She's 23. Here's why she's biking around the world.


Devi Lockwood is a 23-year-old poet and touring cyclist turned professional storyteller from Boston. And she's traveling the world by bicycle and boat to collect 1,001 stories about water and climate change.

With a background as a rowing coach, Lockwood graduated from Harvard University in May 2014 with a degree in Folklore & Mythology. When she graduated, she received the Gardner & Shaw Postgraduate Traveling Fellowship from Harvard for a year of "purposeful wandering" after graduation. Yes, that is a real thing.

We spoke to Lockwood about her travels, the stories she's collected so far and the people she's met along the way.

IM: What’s your background in environmental science and activism?

DL: I'm not a scientist, but I care deeply about storytelling, water and climate change. The inspiration for this trip came from an 800 mile solo ride I took down the Mississippi River in August 2013 for my senior thesis in Folklore & Mythology. Along the way I collected stories from people I met.

The farther down the river I pedaled, the more stories people told me about the direct, water-based impacts of climate change in their hometowns — intensified storms and coastlines that are disappearing at a rate of football fields per day. It was a cause that I could not turn away from. I have always been interested in environmental issues, but this was the first time in my life that I was compelled to act. 

IM: What was the spark that made you want to go on this story collection journey?

DL: If I were to choose one story from the Mississippi River trip in 2013 that compelled me to act, it would be this: I met 57-year-old Franny Connetti eighty miles south of New Orleans. When I stopped in front of her office building to check my bicycle tires, Franny invited me to get out of the sun. Over a shared plate of fried shrimp, she told me how 2012’s Hurricane Isaac washed away her neighborhood. “We fight for protection of our levees. We fight for our marsh every time we have a hurricane,” she said.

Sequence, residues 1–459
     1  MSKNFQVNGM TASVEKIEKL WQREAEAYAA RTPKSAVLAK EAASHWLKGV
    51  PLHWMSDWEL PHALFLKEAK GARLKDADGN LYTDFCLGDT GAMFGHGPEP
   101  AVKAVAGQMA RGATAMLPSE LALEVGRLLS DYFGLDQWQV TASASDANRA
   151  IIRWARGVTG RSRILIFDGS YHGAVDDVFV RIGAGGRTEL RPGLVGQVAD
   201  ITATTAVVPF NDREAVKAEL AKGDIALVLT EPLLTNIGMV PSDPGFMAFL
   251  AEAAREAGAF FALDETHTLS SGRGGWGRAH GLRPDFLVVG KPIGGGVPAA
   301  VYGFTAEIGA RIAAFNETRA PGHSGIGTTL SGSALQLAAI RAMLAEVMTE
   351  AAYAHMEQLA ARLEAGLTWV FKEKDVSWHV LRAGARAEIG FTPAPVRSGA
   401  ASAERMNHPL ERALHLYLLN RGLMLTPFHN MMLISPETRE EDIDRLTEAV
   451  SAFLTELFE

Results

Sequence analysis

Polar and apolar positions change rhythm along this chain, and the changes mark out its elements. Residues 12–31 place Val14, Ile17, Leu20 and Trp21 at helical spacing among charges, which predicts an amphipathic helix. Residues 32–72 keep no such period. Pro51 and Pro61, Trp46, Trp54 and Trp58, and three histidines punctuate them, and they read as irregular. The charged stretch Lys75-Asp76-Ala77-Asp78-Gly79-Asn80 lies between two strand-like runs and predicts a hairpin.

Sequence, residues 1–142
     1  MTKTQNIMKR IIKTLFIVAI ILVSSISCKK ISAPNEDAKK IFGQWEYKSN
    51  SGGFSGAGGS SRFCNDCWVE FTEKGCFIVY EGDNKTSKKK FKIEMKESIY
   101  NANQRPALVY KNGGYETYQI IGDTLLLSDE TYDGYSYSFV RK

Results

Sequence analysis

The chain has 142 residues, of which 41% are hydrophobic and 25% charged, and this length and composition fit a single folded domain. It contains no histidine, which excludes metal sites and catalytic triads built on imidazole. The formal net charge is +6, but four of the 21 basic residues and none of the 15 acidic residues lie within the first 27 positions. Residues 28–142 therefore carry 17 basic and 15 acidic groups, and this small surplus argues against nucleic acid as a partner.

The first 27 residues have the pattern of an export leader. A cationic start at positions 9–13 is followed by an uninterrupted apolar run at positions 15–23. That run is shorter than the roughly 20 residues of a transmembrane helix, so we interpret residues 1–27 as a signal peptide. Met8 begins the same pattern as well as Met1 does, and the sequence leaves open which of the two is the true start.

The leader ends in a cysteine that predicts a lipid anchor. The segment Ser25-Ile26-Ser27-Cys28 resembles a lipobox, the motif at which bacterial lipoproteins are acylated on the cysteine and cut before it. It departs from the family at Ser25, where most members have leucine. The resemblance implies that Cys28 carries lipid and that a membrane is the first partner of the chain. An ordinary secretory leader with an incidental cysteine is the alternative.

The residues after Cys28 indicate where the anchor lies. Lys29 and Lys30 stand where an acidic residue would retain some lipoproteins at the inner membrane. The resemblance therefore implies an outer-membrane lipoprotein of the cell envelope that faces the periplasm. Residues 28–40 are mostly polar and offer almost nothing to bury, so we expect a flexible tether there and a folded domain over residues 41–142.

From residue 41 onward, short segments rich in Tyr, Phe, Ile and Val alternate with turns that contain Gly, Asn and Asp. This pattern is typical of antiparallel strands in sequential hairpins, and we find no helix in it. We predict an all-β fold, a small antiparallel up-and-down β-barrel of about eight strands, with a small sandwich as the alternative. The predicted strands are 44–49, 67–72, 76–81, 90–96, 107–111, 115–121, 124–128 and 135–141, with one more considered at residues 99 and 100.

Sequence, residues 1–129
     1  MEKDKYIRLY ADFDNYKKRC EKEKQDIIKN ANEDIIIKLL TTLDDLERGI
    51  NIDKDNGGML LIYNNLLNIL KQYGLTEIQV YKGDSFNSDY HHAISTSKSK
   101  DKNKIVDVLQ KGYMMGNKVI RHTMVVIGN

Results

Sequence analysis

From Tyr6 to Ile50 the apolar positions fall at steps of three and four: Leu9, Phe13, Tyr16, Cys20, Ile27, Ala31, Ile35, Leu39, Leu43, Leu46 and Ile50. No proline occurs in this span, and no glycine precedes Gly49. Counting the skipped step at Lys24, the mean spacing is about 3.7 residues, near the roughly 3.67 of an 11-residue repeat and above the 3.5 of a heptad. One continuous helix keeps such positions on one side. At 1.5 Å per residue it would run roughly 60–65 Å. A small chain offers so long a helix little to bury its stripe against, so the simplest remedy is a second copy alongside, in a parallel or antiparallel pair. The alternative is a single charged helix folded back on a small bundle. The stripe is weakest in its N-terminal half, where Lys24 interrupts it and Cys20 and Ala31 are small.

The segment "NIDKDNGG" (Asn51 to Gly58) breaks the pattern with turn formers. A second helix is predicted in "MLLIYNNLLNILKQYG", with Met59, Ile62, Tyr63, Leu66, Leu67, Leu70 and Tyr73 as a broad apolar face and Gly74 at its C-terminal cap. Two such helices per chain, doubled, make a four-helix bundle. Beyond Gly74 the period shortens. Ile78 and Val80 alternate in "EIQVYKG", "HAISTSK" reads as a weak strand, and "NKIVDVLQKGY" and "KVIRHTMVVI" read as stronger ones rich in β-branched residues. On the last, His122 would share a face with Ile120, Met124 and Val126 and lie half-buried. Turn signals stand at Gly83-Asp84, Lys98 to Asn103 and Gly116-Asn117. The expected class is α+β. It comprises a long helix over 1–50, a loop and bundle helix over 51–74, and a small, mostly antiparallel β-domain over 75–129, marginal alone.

Despite the lack of attention state officials afford the area, Franny stands by her hometown. She and her husband moved back to their mobile home a few months after the disaster. “I couldn’t imagine living anywhere else,” she confessed.

“Do you think there will come a time when people can’t live here?” I asked her.  

“I think so. Not in my lifetime, but you’ll probably see it,” she said.

To imagine the road I had been biking on underwater was chilling. Twenty miles further, I saw where the ocean laps over the road at high tide. 

IM: Why bike?